New product development starts with idea generation the systematic search for new product ideas. A company typically has to generate many in order to find a few good once. According to one well-known management consultant, For every 1 000 ideas, only 100 will have enough commercial t0 promise to merits a small sca1e experiment only 10 of those will Warrant substantial financial commitment and of those a couple will turn out to be unqualified successes. “His conclusion?” If you want to find a few ideas with the power to enthrall customer, foil competition, and thrill investors’ you must’ first generate hundreds and potentially thousands of unconventional strategic ideas.

Internal Idea Sources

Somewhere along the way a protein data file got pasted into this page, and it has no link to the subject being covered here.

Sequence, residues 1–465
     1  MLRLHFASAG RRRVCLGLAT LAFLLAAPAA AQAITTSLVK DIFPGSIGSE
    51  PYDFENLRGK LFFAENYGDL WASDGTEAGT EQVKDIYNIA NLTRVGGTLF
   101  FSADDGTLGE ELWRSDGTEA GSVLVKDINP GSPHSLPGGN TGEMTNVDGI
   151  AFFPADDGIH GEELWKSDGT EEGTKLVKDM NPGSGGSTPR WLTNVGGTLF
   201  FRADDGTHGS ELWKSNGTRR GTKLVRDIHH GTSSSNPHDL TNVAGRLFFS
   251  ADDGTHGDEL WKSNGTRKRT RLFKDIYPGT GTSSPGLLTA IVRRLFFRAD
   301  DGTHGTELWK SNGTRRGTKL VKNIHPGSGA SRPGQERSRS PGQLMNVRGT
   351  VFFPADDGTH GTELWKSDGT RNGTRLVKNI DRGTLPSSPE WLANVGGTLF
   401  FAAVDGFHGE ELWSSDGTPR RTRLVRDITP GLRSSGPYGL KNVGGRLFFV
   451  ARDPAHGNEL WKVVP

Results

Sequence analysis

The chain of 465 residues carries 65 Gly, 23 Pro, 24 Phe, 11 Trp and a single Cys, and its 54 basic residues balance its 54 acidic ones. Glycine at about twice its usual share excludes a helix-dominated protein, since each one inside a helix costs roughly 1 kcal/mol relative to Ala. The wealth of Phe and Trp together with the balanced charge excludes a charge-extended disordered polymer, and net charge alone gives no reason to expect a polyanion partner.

Using internal sources the company can find new ideas through formal research and development. It can pick the brains of its executives Scientists engineers manufacturing staff Sand sales people Some companies have-developed successful entrepreneurial programs that encourage employees to think up and develop new product ideas. For example 3M s well known 15-percent rule allow employees to spend 15 percent of their tine bootlegging -working on projects of personal interest whether or not those project directly benefit the company.

Companies some times look for creative innovation approaches that overcome barriers to the free flow-of new product ideas For example firms like Eureka’ Ranch-a well known new product hatchery -employ both method and madness in helping companies to jumpstart their new product idea generation process.

External Idea Sources